Guide: Everything before the new major tournament

+ What exactly is the Nations League?

On the men’s side, the European football confederation Uefa started the Nations League in 2018 and the tournament then replaced the lion’s share of sportingly insignificant training matches for the European national teams. For the ladies, this is the first time the tournament has been organized.

+ How does the ladies’ tournament work?

The Nations League consists of three divisions, A to C, where the highest ranked countries – including Sweden – play in the A division. The A and B divisions consist of 16 countries that will be drawn into four different groups. In the C division there are 18 countries.

Home and away matches await in the group stage. The group winners in the A division will go to the playoffs, while the group winners in the B and C divisions will move up one division. The countries that finish last in their respective groups are moved down a division, while the third-placed countries in each group get to play qualifying games.

In the C division there is also the possibility of promotion via qualifying games.

Every four years, the Nations League will also serve as a qualifying game for the Olympics, where the countries in the A division will settle for two places.

The result in the Nations League will also be the basis for the seeding in the upcoming EC qualifiers, which will begin in the spring of 2024.

+ When are the matches played?

First round: 20–22 September

Second round: 23–26 September

Third round: 25–27 October

Fourth round: 28–31 October

Fifth round: November 29–December 1

The semi-finals, the third prize match and the final, as well as the qualifiers, will be played sometime in 2024.

+ What does the seeding look like?

The seeding is based on Uefa’s national ranking and Sweden will play in the A division. Sweden will be in pot 1 of the draw. Pot 2 includes Spain, the Netherlands, Norway and Denmark. In pot 3 we find Italy, Belgium, Austria and Iceland. Pot 4 consists of Switzerland, Wales, Portugal and Scotland. One team from each pot is drawn into each group.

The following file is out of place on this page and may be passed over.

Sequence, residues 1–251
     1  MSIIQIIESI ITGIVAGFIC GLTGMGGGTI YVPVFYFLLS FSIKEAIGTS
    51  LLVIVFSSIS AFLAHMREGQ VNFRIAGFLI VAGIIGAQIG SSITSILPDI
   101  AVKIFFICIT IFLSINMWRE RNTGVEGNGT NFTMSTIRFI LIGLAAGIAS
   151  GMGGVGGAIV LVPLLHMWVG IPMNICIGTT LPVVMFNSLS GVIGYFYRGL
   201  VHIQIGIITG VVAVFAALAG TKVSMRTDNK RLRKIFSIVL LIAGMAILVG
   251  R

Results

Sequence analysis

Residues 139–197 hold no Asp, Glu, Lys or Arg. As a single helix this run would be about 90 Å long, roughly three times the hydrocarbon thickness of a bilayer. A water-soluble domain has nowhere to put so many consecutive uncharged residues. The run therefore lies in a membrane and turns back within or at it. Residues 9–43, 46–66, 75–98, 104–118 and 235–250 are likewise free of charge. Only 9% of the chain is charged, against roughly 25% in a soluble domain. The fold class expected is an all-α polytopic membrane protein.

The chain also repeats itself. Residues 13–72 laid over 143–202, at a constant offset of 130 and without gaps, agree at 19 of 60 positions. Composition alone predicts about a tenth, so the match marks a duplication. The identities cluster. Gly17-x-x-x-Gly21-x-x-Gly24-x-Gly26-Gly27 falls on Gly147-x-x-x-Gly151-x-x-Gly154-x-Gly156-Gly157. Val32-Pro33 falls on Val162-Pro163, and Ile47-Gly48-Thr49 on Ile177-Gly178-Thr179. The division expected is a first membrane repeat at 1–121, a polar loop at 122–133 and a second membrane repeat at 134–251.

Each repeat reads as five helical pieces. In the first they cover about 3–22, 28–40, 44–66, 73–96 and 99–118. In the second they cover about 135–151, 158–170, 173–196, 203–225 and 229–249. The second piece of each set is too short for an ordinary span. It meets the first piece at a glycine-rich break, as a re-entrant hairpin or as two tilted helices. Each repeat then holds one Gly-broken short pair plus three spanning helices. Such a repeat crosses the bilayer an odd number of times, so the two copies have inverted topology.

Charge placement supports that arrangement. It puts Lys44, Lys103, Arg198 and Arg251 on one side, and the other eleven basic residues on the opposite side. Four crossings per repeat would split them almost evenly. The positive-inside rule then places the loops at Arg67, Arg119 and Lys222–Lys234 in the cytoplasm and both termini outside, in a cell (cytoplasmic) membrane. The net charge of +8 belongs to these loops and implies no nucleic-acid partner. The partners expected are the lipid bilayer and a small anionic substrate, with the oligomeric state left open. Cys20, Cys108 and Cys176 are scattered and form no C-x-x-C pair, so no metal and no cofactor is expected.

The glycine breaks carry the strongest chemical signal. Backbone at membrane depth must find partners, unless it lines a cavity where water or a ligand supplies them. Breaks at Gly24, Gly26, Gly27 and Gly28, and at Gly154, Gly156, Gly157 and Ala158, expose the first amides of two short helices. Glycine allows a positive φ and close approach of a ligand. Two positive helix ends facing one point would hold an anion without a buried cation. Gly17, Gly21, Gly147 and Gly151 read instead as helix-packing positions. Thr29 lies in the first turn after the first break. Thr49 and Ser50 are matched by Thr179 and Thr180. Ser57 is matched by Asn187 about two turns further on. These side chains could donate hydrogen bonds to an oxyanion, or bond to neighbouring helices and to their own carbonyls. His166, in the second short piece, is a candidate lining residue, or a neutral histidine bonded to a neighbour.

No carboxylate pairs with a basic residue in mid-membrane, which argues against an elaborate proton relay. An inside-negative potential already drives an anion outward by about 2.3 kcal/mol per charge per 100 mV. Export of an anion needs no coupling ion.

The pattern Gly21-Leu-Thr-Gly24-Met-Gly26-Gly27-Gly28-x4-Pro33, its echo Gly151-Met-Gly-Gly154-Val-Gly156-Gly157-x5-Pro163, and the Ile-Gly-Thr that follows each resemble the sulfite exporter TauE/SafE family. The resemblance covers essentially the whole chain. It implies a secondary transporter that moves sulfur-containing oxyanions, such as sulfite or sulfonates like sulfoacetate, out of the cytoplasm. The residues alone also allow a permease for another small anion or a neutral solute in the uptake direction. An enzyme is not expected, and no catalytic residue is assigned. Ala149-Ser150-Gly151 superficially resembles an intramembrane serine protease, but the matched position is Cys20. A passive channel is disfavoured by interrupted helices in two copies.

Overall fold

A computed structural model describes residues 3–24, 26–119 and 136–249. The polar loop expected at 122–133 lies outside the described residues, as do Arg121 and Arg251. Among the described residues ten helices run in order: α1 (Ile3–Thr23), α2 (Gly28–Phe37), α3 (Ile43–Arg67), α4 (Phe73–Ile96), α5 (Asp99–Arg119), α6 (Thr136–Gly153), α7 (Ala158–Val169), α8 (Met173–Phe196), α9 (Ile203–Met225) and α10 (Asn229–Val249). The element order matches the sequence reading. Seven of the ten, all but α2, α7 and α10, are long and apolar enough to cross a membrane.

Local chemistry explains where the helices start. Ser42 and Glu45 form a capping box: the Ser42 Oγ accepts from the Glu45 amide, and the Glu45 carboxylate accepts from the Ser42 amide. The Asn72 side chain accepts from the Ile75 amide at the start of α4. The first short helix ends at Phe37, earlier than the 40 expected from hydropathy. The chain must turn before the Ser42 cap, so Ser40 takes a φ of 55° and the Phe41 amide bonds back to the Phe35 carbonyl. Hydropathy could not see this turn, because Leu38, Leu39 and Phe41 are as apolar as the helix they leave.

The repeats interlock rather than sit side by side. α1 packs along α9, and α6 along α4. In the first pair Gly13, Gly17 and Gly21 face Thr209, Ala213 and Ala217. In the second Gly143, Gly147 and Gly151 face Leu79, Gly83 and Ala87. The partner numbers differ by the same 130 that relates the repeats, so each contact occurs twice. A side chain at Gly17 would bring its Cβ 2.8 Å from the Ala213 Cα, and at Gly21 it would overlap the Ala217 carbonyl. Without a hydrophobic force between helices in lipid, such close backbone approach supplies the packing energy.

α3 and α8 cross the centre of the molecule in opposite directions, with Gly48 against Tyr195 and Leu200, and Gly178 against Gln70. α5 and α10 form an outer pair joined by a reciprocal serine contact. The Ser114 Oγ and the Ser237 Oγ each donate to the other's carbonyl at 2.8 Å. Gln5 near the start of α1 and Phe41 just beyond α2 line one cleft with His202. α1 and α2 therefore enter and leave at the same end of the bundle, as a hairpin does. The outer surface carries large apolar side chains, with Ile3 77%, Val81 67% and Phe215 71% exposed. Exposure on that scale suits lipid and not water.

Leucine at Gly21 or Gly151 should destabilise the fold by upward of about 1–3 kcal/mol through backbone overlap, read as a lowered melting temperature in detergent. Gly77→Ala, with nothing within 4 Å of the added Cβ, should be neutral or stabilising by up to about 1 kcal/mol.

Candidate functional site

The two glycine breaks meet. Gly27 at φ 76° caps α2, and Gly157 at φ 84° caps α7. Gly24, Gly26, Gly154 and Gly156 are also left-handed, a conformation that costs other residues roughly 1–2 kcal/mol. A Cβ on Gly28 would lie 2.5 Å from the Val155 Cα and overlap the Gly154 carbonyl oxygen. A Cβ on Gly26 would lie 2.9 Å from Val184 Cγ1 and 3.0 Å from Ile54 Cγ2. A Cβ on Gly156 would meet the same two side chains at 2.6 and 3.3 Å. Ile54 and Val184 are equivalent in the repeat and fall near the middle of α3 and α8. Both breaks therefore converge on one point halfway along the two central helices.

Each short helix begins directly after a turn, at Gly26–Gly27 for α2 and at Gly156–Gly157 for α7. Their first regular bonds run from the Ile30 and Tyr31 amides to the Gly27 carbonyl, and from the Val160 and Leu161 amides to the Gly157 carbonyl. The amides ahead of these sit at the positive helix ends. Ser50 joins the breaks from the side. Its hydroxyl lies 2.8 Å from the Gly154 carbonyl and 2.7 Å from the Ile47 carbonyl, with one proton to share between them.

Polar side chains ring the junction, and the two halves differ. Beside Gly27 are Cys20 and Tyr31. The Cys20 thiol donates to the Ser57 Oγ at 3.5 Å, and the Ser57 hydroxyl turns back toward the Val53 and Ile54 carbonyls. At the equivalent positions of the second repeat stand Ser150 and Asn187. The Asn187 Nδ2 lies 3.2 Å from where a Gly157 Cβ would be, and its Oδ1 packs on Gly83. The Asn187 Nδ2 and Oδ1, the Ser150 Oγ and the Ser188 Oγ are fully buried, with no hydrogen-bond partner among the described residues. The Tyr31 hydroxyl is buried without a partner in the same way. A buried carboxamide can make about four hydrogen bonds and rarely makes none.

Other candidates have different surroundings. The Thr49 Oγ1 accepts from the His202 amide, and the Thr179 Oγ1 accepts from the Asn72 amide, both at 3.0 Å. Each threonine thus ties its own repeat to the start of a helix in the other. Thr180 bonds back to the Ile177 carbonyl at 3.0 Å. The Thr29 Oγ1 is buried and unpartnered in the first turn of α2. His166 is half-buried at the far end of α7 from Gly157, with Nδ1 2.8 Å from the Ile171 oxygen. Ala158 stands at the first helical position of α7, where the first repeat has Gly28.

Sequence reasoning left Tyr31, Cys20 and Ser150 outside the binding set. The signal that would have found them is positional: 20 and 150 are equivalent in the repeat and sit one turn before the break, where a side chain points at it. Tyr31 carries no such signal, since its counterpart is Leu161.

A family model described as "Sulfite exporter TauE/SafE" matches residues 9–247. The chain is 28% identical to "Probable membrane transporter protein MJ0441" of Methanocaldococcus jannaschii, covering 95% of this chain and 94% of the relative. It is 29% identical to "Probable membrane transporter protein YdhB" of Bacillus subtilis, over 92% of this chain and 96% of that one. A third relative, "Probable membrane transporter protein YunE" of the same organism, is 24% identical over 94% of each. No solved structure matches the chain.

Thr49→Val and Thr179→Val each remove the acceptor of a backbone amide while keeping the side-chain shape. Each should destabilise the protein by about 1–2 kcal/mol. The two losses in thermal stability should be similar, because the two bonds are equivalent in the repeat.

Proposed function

A Division: England, Germany, Sweden, Spain, Netherlands, Norway, Denmark, Italy, Belgium, Austria, Iceland, Switzerland, Wales, Portugal, Scotland, France.

B Division: Ireland, Poland, Czech Republic, Finland, Serbia, Slovenia, Northern Ireland, Romania, Ukraine, Bosnia and Herzegovina, Slovakia, Hungary, Greece, Croatia, Belarus, Albania.

Division C: Malta, Israel, Azerbaijan, Turkey, North Macedonia, Kosovo, Montenegro, Luxembourg, Moldova, Lithuania, Kazakhstan, Latvia, Bulgaria, Cyprus, Faroe Islands, Georgia, Armenia, Andorra.

+ When is the draw?

On Tuesday at 1 p.m. at UEFA headquarters in Nyon, Switzerland.

+ What does Sweden’s national team captain think?

“It’s a new form of competition for us, it’s just important games. You can look at this in different ways, but I like that it’s competitive games. Somehow it’s easier to match the best team, when the games matter” , says Peter Gerhardsson to TT.

+ The criticism

Just like on the men’s side, the big clubs around Europe are grumbling as they are forced to see their key players play more competitive matches with the national teams. More national team matches means more wear and tear and a greater risk of injury.

“I understand the clubs. It is important to handle this issue of the load on the players in the right way,” says Peter Gerhardsson.

+ Can Russia join?

No, Uefa and Fifa (International Football Federation), have stopped Russia from playing competitive matches, due to the war in Ukraine. However, Belarus is allowed to participate, the country has sanctions against it in many other sports but not in football.